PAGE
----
If someone suffers from depression and a drug or alcohol addiction, this is referred to as a dual diagnosis.
Understanding the relationship between these two co-occurring disorders can help you decide how to best support your loved one.
Signs of Depression
It’s estimated that about one in three adults with a substance use disorder also suffer from clinical depression. If you’ve noticed signs of substance abuse in a loved one, it’s important to consider if they may also be struggling with depression.
Depression is a mood disorder that occurs when neurotransmitters in the brain are out of balance. It is normal to feel sad and disinterested in your surroundings occasionally, but someone with depression experiences episodes of extreme low mood that interfere with their daily activities.
Common signs that a loved one may be suffering from depression include:
- Appetite changes: People with depression often find themselves turning to fast food, sweets, or other comfort food that causes weight gain. Or, they may find themselves uninterested in food all together.
- Sleep changes: Depression can cause trouble sleeping, leading to fatigue during the day. Alternatively, the condition can make people want to sleep all the time.
- Lack of interest in hobbies or socializing: It is common for people with depression to be uninterested in the hobbies they previously enjoyed. They may also be less interested in spending time with their friends and family.
- Trouble concentrating and making decisions: Someone with depression may struggle to focus well enough to complete tasks at work or school.
- Expressing feelings of worthlessness or helplessness: Individuals with depression often describe themselves as unworthy of love or powerless to change their lives for the better.
- Talk of death or self-harm: Not all individuals with depression express direct thoughts of self-harm, but this symptom indicates an immediate need for medical attention.
Mayo Clinic outlines the symptoms of depression in greater detail.
Substance Abuse as a Way to Self-Medicate Depression
For someone who struggles with depression, abusing drugs or alcohol may be an attempt to self-medicate the symptoms of their condition. For example, someone who struggles to fall asleep at night might drink alcohol as part of a nightly bedtime routine. Someone who has trouble concentrating and focusing might abuse amphetamines to improve their performance at school or work.
Stigma plays a significant role in self-medicating depression. Someone who believes that mental health issues are shameful or a sign of a character defect is unlikely to seek help from a medical professional or share their struggles with the people around them. They will seek out whatever fix they can find to bring relief without compromising their privacy.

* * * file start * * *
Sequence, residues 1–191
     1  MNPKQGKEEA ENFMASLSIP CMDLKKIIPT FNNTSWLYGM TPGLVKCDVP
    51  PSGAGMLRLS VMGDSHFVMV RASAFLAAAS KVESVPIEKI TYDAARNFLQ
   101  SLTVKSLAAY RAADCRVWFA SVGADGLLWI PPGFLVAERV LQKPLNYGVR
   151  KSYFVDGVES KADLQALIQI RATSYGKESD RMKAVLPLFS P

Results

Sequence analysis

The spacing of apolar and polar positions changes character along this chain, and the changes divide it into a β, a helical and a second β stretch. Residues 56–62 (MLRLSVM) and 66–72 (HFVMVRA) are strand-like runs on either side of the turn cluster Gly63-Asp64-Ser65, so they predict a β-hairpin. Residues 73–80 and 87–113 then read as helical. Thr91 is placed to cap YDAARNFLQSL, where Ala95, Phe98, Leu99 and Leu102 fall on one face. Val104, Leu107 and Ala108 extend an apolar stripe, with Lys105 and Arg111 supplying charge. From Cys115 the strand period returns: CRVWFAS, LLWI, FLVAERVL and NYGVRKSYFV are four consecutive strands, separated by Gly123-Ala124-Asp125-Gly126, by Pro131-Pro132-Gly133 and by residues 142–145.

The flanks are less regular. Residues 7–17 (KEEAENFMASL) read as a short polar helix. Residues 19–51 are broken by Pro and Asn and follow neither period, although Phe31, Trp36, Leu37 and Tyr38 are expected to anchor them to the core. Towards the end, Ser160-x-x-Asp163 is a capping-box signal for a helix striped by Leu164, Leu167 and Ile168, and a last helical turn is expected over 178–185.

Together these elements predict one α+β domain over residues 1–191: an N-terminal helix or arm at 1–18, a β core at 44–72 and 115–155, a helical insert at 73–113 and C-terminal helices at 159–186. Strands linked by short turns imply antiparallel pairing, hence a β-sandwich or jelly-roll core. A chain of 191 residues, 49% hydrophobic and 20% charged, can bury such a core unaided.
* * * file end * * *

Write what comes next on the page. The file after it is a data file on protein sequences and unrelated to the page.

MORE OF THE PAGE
Self-medicating depression with drugs or alcohol can work as a short-term solution. However, this behavior is dangerous because a tolerance to the abused substance quickly develops. This leads to increased dosages to achieve the same effect. It can also cause an individual to begin mixing two or more addictive substances together in search of relief, which can create the risk of dangerous and potentially deadly side effects.
How Substance Abuse Can Lead to a Mental Health Disorder
Although self-medicating existing depression is more common, substance abuse can also create depression symptoms in people who previously did not suffer from the condition. This is because prolonged substance abuse causes changes in the brain which make it more difficult for the neurotransmitters to properly regulate mood.
Someone under the influence of drugs or alcohol has impaired judgment and problem-solving skills. This can make it hard to accurately assess a situation and cause small obstacles to seem like overwhelming challenges.
Substance abuse can also lead to depression by causing life changes that make a person more vulnerable to the condition. For example:
- Not eating or sleeping properly due to substance abuse
- Neglecting stress-relieving hobbies in favor of substance abuse
- Straining relationships with family and friends, which creates reduced sources of emotional support
- Experiencing a job loss or financial problems
Regardless of whether depression or addiction came first, both conditions are treatable. They can’t be cured in the same way you’d take antibiotics to cure a bacterial infection, but they can be managed in a way that allows the individual to live a full and productive life.
For individuals who suffer from co-occurring depression and addiction, it’s vital to seek treatment that addresses both disorders. Treating depression without addressing substance abuse doesn’t fix the problems caused by drug or alcohol addiction that can lead to increased depression symptoms. Treating substance abuse without stabilizing depression increases the risk of relapse due to an urge to self-medicate depression symptoms.
Mountain Laurel Recovery Center offers a full continuum of care for individuals struggling with depression and drug or alcohol addiction. Treatment includes detox services as well as intensive counseling designed to uncover the roots of depression and develop the coping skills necessary for a sober future. Depending on individual needs, medication may be recommended as well.